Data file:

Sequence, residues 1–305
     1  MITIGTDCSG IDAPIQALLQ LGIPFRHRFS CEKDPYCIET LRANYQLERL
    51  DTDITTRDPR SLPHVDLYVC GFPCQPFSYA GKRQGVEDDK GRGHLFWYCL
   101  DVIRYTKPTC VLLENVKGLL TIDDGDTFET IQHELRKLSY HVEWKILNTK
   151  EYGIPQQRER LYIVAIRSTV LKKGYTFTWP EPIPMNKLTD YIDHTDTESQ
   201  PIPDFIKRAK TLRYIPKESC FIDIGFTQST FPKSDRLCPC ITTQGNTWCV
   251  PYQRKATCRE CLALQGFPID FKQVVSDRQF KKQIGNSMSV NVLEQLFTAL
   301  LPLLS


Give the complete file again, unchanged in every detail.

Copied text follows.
Sequence, residues 1–305
     1  MITIGTDCSG IDAPIQALLQ LGIPFRHRFS CEKDPYCIET LRANYQLERL
    51  DTDITTRDPR SLPHVDLYVC GFPCQPFSYA GKRQGVEDDK GRGHLFWYCL
   101  DVIRYTKPTC VLLENVKGLL TIDDGDTFET IQHELRKLSY HVEWKILNTK
   151  EYGIPQQRER LYIVAIRSTV LKKGYTFTWP EPIPMNKLTD YIDHTDTESQ
   201  PIPDFIKRAK TLRYIPKESC FIDIGFTQST FPKSDRLCPC ITTQGNTWCV
   251  PYQRKATCRE CLALQGFPID FKQVVSDRQF KKQIGNSMSV NVLEQLFTAL
   301  LPLLS